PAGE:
Posted by: jeannineatkins | May 31, 2010

Slim Books

When much of life is sitting at home, it can be hard to know what to blog about. Or if you move your laptop to the library or a coffee shop, well, how interesting is that? One thing I love here at LiveJournal is the conversations that sometimes get started in the comments, and how sometimes a question will bring out the seed of a new post. This happened a few days ago when Melodye looked past my cute baby geese, which truly are worth looking at alone, to my words about writing more sparely. She noted that much of what she reads these days is honed done., and asked if I’d also noted any trends toward spareness.

I’m not a great one to field questions about trends since I rarely recognize them till they’re almost over. Of course I’ve noted the pleasure many have found in big books like Harry Potter and Twilight, and delight in the lack of fear of a thick binding. Trilogies and other forms of sequels can add to the bulk and satisfy those who like a fictional world and want to stay there for a while. If there is a leaning toward the lean, I can’t say I see it, expect perhaps in the Pulitzer Prize award for Tinker, a novel I haven’t yet read, but I believe it half the width and length of most books and almost as slim as celery. Poetry has always been around, but maybe there will be more verse novels, like Susan Taylor Brown’s Hugging the Rock or those for teens beautifully written by Lisa Schroeder <lj user=" lisa_schroeder".

This is a long way to walk around the question, which probably just comes back to that most of us like to write in the forms we like to read. As I get older, time feels shorter, so I want writers to get to a point. Spareness seems a particularly good way to approach history, which can otherwise seem overwhelming in its bulk and scope. I prefer the story of one person or family to the story of a nation, and I’m most drawn to moments within that person’s life. I like the way Marilyn Nelson gives us the voices of family, colleagues, and neighbors so we can pull together a picture of a scientist in Carver: A Life in Poems. I especially like seeing George Washington Carver pick up and contemplate a leaf or hear the tick of his pocket watch. The poem titled Egyptian Blue shows not just Carver’s feat of duplicating this color, but how, when offered treasure for the discovery, “He sent it/ for the cost of the two-cent stamp/ it cost him to mail it.”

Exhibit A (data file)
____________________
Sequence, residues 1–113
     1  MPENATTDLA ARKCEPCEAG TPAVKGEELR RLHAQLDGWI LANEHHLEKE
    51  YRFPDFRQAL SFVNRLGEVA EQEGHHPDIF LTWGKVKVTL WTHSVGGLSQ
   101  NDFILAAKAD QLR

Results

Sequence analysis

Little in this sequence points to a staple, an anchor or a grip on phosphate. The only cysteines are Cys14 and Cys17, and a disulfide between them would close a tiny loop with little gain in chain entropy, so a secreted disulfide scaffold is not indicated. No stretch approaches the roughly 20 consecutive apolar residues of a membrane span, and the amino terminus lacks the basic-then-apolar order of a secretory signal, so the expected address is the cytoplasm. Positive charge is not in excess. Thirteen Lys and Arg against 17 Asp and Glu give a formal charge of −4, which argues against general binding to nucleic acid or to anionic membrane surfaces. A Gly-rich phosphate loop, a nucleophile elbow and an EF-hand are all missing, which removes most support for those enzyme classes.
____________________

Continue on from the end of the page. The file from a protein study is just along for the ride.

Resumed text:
Another book written with an eye toward those ten and older is Sold by Patricia McCormick. I don’t think I’d have read a big book about the sex trade in Asia, but these series of beautifully crafted vignettes from the point of view of a thirteen-year-old girl taken from the mountains in Nepal to a brothel use particular images and brief phrases that let me see the horror of her life without feeling mired. Both these books have words that glitter and take us to fleeting moments that feel true.

For elementary school readers, there’s always – and I mean always – Patricia MacLachlan’s Sarah, Plain and Tall, which gives us everything we need to know about family love in fifty-seven pages. And for a tender look into a boy and the practice of poetry, Love That Dog by Sharon Creech is pretty perfect.

Sometimes you want two lines from Emily Dickinson and sometimes you want something as thick as a Dickens novel. Sometimes you want a single small diamond and sometimes a good puffy jacket. So I don’t know about trends, but I’m certain we’re lucky to have choices. For those writing from life, I recommend Thinking About Memoir by Abigail Thomas, a book which could fit in certain pockets. Actually, almost any writer could use her advice on ways into writing or new ways to see what’s old. Her paragraphs are packed. Her chapters rarely exceed three pages. Her practice reflects her advice. Short truly is sweet. Or stunning. You can see how she dives right in here in an article including great writing exercises in Oprah magazine:

The small is where we start and may be what we should return to. This morning I set my laptop on the porch table. I smell the husband-cut grass and rugosa roses beaten down by rain. The irises look stalwart. Overhead, the sky is a steel gray. At my elbow, the tea is getting cold.

Tomorrow I’ll write about working from details.



  1. Love this – “The small is where we start and may be what we should return to.”